Whenever I share stories from the war, I get asked how I manage to get over it and live a normal life. I never got over it. I suppressed those memories by focusing on helping others. I worked 14 to 18 hours a day.

After the war, I went to Fatos’ home and found his parents burned inside the house. It was horrible. The Serbian military set the house on fire with them trapped inside. He was the only child and after the war, I went crazy looking everywhere for him. The worst part was going through the mass graves that were being discovered in odd places and not be able to identify his corpse because there was no family to compare the DNA. It was one of the main reasons that I got the job with United Nations Police and worked in the area where he was taken. Every day for the first year I drove by the location, I faced those nightmares but I didn’t give up. While looking for Fatos, I found my car Yugo. It was out of gas, some damages but minor repairs and it started running. The weakest, crappiest cars ever made, survived the nasty war but not my friend Fatos. I was mad and hurt.

I’ve asked my parents why they chose to save my brother and not me. They both said they knew somehow I would survive. If anybody has a reason to hate a sibling, I definitely do.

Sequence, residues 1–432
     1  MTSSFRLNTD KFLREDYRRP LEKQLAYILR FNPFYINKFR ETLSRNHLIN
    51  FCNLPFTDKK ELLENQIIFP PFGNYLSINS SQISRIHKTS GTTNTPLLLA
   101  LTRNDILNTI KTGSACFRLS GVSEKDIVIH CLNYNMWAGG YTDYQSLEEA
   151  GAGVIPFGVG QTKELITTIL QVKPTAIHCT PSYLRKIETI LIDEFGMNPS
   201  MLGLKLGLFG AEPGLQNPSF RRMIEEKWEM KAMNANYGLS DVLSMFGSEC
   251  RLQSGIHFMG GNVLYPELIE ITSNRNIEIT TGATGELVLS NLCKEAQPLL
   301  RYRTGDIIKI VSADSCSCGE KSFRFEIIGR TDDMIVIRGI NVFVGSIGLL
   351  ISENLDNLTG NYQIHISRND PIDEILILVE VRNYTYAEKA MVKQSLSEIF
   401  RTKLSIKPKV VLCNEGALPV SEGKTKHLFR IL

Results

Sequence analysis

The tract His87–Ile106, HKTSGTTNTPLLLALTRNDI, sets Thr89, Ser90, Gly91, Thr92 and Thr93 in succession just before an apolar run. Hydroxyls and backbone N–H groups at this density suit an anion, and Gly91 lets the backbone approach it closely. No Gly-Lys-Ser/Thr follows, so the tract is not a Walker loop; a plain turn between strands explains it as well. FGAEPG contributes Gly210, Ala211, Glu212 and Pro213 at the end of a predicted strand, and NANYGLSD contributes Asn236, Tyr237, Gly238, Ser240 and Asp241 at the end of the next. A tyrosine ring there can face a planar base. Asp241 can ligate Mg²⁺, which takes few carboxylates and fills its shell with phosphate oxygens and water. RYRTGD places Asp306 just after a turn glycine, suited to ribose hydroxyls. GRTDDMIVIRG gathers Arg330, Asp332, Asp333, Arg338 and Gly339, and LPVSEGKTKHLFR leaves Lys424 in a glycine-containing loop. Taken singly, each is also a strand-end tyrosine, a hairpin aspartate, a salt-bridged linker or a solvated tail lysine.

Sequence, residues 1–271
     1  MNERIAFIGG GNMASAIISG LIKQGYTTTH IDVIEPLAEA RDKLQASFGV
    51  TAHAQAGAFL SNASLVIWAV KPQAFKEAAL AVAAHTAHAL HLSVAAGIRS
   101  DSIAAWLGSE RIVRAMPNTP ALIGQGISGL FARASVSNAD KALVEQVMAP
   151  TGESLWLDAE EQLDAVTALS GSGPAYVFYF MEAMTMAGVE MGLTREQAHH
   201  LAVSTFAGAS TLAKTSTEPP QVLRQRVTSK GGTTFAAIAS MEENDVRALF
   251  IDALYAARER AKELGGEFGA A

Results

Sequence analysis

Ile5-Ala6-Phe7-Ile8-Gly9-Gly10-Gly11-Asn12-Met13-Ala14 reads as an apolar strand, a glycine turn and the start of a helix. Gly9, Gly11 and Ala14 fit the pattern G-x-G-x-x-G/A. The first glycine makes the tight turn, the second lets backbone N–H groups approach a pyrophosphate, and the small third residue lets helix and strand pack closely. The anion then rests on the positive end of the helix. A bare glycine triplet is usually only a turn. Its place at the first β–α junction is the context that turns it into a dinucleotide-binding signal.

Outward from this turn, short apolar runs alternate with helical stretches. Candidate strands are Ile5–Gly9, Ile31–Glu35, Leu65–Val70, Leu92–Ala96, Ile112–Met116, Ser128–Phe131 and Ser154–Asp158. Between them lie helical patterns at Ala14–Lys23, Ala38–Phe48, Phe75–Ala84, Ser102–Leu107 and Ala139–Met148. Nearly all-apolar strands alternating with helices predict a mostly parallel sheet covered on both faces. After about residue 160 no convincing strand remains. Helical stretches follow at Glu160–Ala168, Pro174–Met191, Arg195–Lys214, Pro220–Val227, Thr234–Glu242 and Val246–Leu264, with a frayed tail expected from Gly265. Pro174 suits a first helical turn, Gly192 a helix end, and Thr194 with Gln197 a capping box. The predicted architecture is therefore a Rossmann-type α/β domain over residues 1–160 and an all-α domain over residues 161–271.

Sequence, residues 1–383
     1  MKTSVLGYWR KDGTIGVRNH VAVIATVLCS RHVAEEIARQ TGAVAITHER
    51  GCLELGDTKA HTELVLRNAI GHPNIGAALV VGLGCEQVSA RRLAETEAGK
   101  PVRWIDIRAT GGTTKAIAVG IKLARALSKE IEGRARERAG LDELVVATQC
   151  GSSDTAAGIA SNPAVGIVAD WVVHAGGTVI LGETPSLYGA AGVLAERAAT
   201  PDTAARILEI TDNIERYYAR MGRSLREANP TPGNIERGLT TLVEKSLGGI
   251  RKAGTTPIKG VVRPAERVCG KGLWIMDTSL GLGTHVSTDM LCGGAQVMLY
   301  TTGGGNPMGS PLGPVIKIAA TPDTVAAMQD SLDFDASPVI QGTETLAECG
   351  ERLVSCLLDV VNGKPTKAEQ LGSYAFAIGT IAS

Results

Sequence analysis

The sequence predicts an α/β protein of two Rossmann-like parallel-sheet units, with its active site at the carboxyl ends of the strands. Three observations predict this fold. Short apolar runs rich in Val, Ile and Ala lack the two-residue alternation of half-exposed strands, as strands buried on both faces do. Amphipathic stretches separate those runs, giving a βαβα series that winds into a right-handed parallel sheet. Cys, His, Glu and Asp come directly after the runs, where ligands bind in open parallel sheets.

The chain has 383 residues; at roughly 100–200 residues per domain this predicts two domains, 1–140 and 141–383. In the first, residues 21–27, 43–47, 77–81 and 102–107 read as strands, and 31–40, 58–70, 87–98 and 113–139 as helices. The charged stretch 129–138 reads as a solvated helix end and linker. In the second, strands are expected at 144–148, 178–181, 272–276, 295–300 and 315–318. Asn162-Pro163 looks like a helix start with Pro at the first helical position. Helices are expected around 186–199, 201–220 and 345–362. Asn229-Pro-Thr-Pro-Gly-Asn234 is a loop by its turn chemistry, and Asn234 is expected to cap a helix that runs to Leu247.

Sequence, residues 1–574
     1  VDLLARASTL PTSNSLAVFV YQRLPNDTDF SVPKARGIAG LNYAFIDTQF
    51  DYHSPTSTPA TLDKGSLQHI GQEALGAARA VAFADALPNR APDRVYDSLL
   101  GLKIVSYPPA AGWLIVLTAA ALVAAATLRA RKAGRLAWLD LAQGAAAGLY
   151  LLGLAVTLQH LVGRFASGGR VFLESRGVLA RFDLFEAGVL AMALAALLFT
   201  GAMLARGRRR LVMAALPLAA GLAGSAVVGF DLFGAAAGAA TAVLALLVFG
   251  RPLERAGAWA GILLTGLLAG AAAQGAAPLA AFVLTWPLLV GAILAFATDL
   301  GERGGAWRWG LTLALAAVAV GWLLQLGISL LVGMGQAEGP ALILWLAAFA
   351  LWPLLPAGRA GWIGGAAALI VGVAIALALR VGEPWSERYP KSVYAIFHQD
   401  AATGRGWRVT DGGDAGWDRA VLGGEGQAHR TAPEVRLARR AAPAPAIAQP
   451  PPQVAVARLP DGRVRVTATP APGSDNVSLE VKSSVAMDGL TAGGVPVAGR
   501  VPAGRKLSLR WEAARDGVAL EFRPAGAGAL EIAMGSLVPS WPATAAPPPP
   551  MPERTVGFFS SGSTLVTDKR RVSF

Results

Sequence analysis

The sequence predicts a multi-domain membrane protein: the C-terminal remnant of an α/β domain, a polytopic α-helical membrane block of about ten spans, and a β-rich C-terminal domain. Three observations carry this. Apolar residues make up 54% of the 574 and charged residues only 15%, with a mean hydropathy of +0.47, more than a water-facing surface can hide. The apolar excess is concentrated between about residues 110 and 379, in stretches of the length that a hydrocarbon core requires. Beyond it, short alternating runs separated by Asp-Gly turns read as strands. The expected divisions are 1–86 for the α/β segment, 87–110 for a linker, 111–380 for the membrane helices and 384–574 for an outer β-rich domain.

After I started working with the UN Police, we had numerous cases of raped victims coming to report what happened to them. However, there were many of them that didn’t come out. They lived in their nightmares, many of them without help from anybody.
That lead me to found a women’s non-profit, Women’s Life in Kosovo and operated in the same area as my UN job. We provided counseling, medical treatment, and those who wanted to move forward to testify in the International Court for war crimes, we connected with prosecutors. We had other programs but the raped war victims were the main reason I started.
There were so many horror stories and the more I heard, the more I wanted to help. The guilt of surviving and the need to help others was addictive.

Moving in the United States helped put the past behind. However, the first couple of years, it was like going through the”withdrawal.” I felt like I lost my identity, I had no goals and certainly didn’t know what my purpose in this life was anymore. Lucky, I have a loving husband who put up with me and helped me get through.

As I watch my six years old son, Erik cheering up my mother in law, Melissa after losing her husband a week before Christmas last year, I remembered my six-year-old cousin cheering us in the middle of the forest. There’s always somebody to cheer you up even in the worse moments of your life. And if you don’t, count me and my children in.

So this year, I want everybody to enjoy and appreciate your family, friends and the safety you take for granted. Whatever your beliefs may be, at the end of the year is the time to make peace with yourselves, and let go of any issues you may have with others, especially your families.

To all my family, friends, staff and business clients, thank you for being a part of my journey.

I wish all of you a Happy Holiday Season; Merry Christmas, Happy Hanukah and a Happy New Year.

And May the Force be with the children of Aleppo.